The tens of thousands of people who currently rely on the coal industry in the Upper Hunter for their livelihoods deserve much better than what happened at the recent by-election.
The major political parties fell over themselves to champion coal, but none committed to what people really need: a secure economic future for the region.
The only responsible choice is to make a plan for a fair transition to the jobs of the future, which are powered by renewable energy.
The Upper Hunter is at a crossroads. The by-election result exposed the gulf between reality and politics for locals.
The reality is that the era of coal-fired power is coming to an end.
Solar and wind energy are now the least-cost source of new electricity generation in two-thirds of the world and are growing rapidly at the expense of coal power.
The world is transitioning away from burning coal and gas because it is destroying our climate. Australia must do the same.
The by-election result exposed the gulf between reality and politics for locals. The reality is that the era of coal-fired power is coming to an end.
Economic and job security for the Upper Hunter and other coal and gas regions now depends on governments and businesses putting people and planet first, not their political self-interest.
The question is no longer "if" there will be a transition from coal and gas to renewable energy but "when" and "how".
For coal and gas producing countries such as Australia, the challenge is how to avoid a disruptive transition with social and economic dislocation in coal and gas regions, while at the same time positioning ourselves to maximise the economic opportunities.
A wave of coal power stations and mine closures is coming.
Without advance planning and investment, there will be devastating social and economic impacts in the Upper Hunter and other regional communities like Gladstone in Queensland, the Latrobe Valley in Victoria and Collie in Western Australia.
These communities have provided the electricity that has powered our nation for decades.
Instead of burying their heads in the sand on the diminishing future of fossil fuels, good governments will support these communities with a clear, long term plan and investment in the jobs of the future.
Local councils from the Upper Hunter through to the coast - as well as the NSW government - have shown they are planning for the future, but the major parties at a federal level remain locked in internal disputes and are sending mixed messages.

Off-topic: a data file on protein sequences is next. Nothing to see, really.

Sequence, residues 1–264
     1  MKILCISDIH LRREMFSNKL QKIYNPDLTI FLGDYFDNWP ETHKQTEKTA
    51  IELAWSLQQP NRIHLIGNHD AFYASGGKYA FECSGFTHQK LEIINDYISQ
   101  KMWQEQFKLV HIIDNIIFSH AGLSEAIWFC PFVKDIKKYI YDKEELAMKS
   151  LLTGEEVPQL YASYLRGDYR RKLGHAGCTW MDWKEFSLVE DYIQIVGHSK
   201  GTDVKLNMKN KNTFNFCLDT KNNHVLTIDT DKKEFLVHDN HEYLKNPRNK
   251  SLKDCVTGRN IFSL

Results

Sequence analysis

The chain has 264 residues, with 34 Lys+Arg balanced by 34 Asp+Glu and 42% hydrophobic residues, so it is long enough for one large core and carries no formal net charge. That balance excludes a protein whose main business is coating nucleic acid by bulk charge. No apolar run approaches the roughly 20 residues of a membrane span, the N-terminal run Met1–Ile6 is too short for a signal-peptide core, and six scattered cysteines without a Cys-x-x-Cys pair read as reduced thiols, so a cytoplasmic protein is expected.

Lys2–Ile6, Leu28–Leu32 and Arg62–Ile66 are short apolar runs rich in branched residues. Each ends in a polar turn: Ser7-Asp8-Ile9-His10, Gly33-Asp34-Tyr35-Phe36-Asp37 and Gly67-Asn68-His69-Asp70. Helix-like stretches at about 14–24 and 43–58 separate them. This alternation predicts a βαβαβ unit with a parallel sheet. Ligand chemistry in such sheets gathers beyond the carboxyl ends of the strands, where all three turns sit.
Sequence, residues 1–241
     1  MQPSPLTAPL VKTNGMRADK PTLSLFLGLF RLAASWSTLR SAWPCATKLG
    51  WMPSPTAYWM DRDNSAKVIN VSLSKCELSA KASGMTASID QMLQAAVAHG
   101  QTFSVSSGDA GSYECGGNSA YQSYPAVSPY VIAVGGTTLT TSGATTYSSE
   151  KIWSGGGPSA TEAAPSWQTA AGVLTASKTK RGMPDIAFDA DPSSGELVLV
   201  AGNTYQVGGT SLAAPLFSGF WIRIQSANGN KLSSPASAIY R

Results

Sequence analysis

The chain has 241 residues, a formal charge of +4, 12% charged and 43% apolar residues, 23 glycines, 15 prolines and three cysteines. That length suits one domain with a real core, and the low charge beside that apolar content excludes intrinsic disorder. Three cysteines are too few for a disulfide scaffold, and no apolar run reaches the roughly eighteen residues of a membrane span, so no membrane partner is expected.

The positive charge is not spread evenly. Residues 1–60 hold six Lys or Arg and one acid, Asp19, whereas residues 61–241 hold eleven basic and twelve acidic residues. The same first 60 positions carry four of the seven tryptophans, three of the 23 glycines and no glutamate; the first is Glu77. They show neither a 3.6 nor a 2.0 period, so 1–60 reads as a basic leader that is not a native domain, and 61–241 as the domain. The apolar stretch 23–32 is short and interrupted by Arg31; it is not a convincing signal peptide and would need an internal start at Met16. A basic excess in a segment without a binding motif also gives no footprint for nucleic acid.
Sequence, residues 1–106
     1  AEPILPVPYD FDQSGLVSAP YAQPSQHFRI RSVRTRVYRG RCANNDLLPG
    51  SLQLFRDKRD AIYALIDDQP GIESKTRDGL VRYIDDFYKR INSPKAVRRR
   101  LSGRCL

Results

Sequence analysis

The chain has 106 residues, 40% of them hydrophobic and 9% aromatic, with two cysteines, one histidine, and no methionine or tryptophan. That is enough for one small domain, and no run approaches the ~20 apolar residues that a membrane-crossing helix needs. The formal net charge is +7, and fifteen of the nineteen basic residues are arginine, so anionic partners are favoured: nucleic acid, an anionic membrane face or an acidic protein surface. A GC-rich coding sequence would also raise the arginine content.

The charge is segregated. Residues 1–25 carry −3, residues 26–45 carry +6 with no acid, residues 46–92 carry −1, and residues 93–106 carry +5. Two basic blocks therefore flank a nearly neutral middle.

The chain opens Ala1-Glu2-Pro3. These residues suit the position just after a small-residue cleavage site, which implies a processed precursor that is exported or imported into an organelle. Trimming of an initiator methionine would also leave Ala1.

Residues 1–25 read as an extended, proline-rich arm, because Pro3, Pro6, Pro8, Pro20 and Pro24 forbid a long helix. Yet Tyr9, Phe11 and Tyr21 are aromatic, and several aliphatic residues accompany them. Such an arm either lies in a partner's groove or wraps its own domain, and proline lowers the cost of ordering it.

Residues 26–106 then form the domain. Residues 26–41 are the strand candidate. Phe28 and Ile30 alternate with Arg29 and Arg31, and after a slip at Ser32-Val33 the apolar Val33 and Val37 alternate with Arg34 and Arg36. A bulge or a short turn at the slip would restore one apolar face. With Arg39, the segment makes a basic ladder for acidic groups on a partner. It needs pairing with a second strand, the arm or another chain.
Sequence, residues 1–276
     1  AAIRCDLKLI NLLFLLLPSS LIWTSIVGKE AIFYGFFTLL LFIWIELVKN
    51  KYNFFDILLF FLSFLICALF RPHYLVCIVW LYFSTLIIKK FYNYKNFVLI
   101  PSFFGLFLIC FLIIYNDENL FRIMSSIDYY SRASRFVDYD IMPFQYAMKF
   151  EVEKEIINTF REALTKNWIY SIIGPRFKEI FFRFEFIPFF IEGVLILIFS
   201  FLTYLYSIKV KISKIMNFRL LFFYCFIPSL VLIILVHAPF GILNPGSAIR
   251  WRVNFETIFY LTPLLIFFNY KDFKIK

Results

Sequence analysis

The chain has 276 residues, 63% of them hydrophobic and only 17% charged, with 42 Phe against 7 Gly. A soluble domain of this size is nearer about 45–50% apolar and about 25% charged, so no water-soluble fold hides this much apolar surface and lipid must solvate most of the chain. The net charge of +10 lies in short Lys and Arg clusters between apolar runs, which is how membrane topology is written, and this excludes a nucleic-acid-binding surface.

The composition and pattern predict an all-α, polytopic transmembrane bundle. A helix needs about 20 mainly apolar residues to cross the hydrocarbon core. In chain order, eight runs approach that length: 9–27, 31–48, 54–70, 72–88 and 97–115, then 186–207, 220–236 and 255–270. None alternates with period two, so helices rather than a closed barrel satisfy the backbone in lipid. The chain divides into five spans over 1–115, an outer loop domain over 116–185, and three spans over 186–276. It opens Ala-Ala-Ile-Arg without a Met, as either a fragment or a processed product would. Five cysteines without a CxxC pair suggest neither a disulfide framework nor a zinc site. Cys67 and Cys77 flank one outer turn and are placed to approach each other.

While the Hunter gears itself to transition to renewables, the Morrison government remains steadfast in its support of fossil fuels, with $600 million of taxpayers' money put towards a proposed gas plant at Kurri.
If - and it's a big if - the gas plant goes ahead, local communities face the real risk of a boom then bust situation. The gas plant's construction may create jobs in the short term. But the plant will employ only 10 people in the long-term.
And, like coal, gas is a fossil fuel.
The world is racing towards renewable energy, while demand for fossil fuels is quickly declining.
Compare this to the security on offer through cheap renewable energy, a resource that never goes away and stands to be our next export boom.
Australia's first "hydrogen valley" is planned for the Hunter Valley and will run entirely on renewable energy under a $2 billion proposal by a consortium of businesses. Investment like this happens when governments create confidence with strong policies.
The NSW Coalition government has done this with its creation of Renewable Energy Zones in the Hunter and other regions.
The plan involves harnessing wind and solar energy to producing green hydrogen and use it as a feedstock for mining, transport and industrial users in the Hunter.
A second stage would pipe hydrogen to Newcastle, where it could be used to help run a clean energy industrial precinct.
It could provide zero emissions feedstock for chemical manufacturing and allow the development of green ammonia for export, to send our clean energy to the world.
Meanwhile, plans are proceeding for a $1.2 billion Liverpool Range windfarm of 1000 megawatts, set to be completed by 2022-23, and a 500-megawatt lithium-ion battery array expected to be operational by 2021-22.
We can and must have a climate positive plan that secures and creates millions of good, clean jobs, cuts pollution and protects Australians from climate damage.
Kelly O'Shanassy is chief executive officer of the Australian Conservation Foundation
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